This post continues my series on the application of evidence based approaches in professional practice.
The new Australian Prime Minister has been placing great emphasis on the role of evidence in policy development. This is not just a matter of rhetoric.
At a Commonwealth-State officials meeting a week back, Commonwealth officials stated that with the new Government they were in a position to consider new things. However, they also commented on the PM's demand for evidence to support new policy proposals.
This type of demand is not, of course, new. A wide range of approaches have in fact been developed by Governments and researchers to try to improve decision making within the public sector.
Cost-benefit analysis is an early example, becoming popular during the fifties and sixties. This approach attempts to measure the costs and benefits expected from a project expressed in present value terms, allowing judgements to be made as to value.
Program evaluation is a second example. This discipline evolved in the US during the sixties because of the need to assess outcomes from major social programs introduced by the Kennedy and Johnson administrations.
Program budgeting emerged during the same period, coming out of the US Defence Department. This approach attempted to express Government activities in terms of programs with sets of defined, measurable outcomes. Widely accepted, it forms the core of the input-output-outcome approaches so common now in public administration.
While evidence based approaches are common in public administration and in the professions surrounding public administration, it is not clear to me as a sometimes practitioner in the area that they actually work very well. In fact, I would argue that they are now having adverse effects on the efficiency and effectiveness of Government policy and programs.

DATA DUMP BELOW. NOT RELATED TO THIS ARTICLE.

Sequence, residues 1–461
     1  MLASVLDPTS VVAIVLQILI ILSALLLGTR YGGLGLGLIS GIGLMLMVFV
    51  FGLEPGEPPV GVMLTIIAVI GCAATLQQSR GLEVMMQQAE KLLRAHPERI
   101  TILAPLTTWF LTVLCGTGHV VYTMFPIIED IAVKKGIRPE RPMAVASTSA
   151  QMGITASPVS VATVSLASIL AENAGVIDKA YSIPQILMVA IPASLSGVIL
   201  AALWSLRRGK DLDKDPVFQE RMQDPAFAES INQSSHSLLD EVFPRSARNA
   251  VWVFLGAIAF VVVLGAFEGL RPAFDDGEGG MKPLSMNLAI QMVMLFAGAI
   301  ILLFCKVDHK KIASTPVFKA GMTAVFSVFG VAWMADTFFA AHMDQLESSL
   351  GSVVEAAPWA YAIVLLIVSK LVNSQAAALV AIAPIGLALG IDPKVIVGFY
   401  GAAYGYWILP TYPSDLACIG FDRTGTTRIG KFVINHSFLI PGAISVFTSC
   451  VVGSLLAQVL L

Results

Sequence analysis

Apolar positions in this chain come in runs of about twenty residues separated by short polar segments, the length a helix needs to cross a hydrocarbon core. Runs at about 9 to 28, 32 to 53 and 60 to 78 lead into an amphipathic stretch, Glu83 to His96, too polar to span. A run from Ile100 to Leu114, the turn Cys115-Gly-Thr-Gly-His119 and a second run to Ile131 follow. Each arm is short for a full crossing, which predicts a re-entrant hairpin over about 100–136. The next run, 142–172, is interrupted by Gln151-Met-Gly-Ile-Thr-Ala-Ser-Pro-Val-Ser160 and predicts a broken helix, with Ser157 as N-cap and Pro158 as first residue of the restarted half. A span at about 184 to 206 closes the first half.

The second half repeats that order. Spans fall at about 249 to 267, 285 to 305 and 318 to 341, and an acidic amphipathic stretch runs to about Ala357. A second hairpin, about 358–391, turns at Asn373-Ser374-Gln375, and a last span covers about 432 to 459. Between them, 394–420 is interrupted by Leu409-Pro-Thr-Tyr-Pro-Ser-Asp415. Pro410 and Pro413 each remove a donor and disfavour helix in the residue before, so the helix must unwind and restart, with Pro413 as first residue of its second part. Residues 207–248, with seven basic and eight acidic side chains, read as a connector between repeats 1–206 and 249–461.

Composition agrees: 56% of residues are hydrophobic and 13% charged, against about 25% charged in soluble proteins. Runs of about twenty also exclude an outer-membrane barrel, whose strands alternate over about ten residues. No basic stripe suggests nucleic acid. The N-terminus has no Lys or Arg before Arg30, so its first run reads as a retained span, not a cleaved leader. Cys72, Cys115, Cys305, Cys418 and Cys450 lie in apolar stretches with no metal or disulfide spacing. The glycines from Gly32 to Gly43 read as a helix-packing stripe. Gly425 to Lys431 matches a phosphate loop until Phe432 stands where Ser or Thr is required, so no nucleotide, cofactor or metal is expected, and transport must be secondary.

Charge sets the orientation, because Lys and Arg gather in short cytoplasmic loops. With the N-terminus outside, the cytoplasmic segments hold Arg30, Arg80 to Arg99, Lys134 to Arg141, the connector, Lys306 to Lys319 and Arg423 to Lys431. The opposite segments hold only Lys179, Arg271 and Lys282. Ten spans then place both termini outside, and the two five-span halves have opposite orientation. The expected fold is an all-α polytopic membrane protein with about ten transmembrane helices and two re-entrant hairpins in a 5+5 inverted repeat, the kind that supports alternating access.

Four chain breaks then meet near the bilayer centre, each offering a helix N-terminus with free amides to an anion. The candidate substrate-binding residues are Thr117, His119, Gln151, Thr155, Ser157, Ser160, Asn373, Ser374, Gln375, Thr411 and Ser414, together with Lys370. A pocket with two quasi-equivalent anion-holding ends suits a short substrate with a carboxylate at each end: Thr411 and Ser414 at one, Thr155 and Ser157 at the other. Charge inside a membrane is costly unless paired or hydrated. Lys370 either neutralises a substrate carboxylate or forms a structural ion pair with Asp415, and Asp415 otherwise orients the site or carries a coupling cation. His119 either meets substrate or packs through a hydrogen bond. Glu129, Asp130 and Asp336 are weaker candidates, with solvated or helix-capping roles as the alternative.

There are a number of reasons for this.
To begin with, public policy involves more than simply measurable outcomes. Most policies and supporting programs involve a mix of objectives, some of which are not capable of easy quantification.
Then, too, the range of variables involved is wide, the interactions between variables uncertain.
But there is also, I think, insufficient focus on the effectiveness of various professional practices and their supporting tools. Put simply, we do try to measure outcomes from programs, but we do not assess the relative effectiveness of different ways of developing policies and programs. In this sense, public administration is a little like medicine before the development of evidence based medicine.